"Farmers need negotiating power," Suppan said. Farm input costs increase but farmers do not receive compensation for their product or come close to their expenses without government subsidies, he said. "Taxpayers are underwriting a policy that is designed to alienate urban constituents from rural communities and farmers. The need for subsidies is presented by the government and agribusiness as a bail-out for farmers, at same time they'd have you believe U.S. food is cheaper than anywhere in the world. And that policy looks to farmers like a subsidy to agribusiness," Suppan said. A study in Wisconsin indicated that 56 percent of the state's dairy farmers are eligible for food stamps, he said. 

Five to six percent of farm owners possess 80% of American farm land, Suppan said. Resources for smaller farmers are not sufficient: "A staff of two at U.S. Small Farms Commission represents about 1.8 million farmers," he said.  

"U.S. food policy options sound like science fiction, " Suppan said. "Developing countries are encouraged to play the futures market, the kind of risky speculation normally advised for only the most secure investors."  

"One thing to think about is building alliances among organizations, unions and communities of faith to recuperate democracy from a condition in which you have to pay to play," Suppan said. 

Alternative Models Shared and Visited 

Small-farm agriculture around the world is hindered by government policies that undercut its markets and favor larger farms producing export goods. The United States' habit of dumping grain and soy products into the economies of developing countries destroys small farmers' chances of earning any price at all for their harvests. International participants shared some alternative models of farming and marketing, plus organizing methods, that help support small farmers.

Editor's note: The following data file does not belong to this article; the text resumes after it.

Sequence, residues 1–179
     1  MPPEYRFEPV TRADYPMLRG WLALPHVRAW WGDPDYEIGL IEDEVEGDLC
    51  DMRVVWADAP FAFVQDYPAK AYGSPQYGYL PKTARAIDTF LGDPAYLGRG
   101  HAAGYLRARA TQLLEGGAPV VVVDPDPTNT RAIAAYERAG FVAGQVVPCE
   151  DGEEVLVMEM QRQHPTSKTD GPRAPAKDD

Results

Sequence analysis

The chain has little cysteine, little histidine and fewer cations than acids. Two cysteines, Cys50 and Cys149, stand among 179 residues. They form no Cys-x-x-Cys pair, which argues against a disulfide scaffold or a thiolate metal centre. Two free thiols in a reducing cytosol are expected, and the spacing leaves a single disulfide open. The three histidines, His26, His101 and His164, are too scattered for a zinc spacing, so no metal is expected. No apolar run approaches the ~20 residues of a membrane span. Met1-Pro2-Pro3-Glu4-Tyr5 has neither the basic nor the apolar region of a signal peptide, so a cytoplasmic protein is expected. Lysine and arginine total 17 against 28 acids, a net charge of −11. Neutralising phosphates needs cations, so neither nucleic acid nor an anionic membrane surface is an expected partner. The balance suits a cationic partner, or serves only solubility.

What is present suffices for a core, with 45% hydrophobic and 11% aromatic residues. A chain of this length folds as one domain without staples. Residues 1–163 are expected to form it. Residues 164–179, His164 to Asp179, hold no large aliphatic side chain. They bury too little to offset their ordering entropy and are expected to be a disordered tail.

Genevieve McDaniel-Vickers of the Roman Catholic Diocese of Montego Bay, Jamaica, said, "We encourage people to eat local foods, to buy local products, to grow their own produce and share with neighbors, to plant fruit trees," she said. "Providing moral support for farmers is important. We assist with networking and lobby for the ownership of land by farmers and fair prices for export products," she said. 

Hewa Pathiranage Piyadasa Subasinghe of the Christian Workers Fellowship, Sri Lanka, stressed the value of marketing cooperatives to achieve fair prices for small farmers. Ben Burkett, a vegetable farmer and member of the Mississippi Association of Cooperatives, Jackson, Miss., also encouraged organizing co-ops.  

Burkett cited the lack of relationship "between rural farmers, consumers and the five supermarket companies that control purchasing and even dictate the breed we have to grow." The association has turned to developing relations in New Orleans where niche marketing is paying off.  

Mozart Adevu works with Ho Farms Project, related to the Evangelical Presbyterian Church in Ho, Ghana. "World powers dictate the agricultural policy for Ghana," he said. The population is 70 percent rural and in need of home-grown food, "yet our government promotes large scale production for export." 

"Since 1972, dangerous chemicals have been used for deforestation in order to grow cereal crops for which there is now no market," Adevu said. "Our task now is to help people learn integrated agriculture principles. We are training 19 farmers at a field school to change their growing practices and improve their product." 

Participants got a look at sustainable alternatives to large commodity farming when they visited two farms west of the Twin Cities. Riverbend Farm at Delano, Minn., is a certified organic farm operated by Greg and Mary Reynolds. The Reynolds grow about 50 different vegetables and herbs and sell them to co-ops and restaurants as well as to a subscription group. Gary Schmieg owns Sweet Meadow Farm at Howard Lake, Minn. His dairy operation is grass-based grazing and organic. 

Anne Kanten, a farmer from Hawick, Minn., called the Riverbend effort "impressive." Reynolds has technical expertise, she said, "and he is learning as he goes along." The transition to organic farming "takes time, patience and deep pockets," Kanten said. "For most young farmers, that transition is not easy - they have families to raise, kids to put through college and so on." She pointed out that demand for organic vegetables is up among urban consumers, "who are beginning to care what they put in the bodies."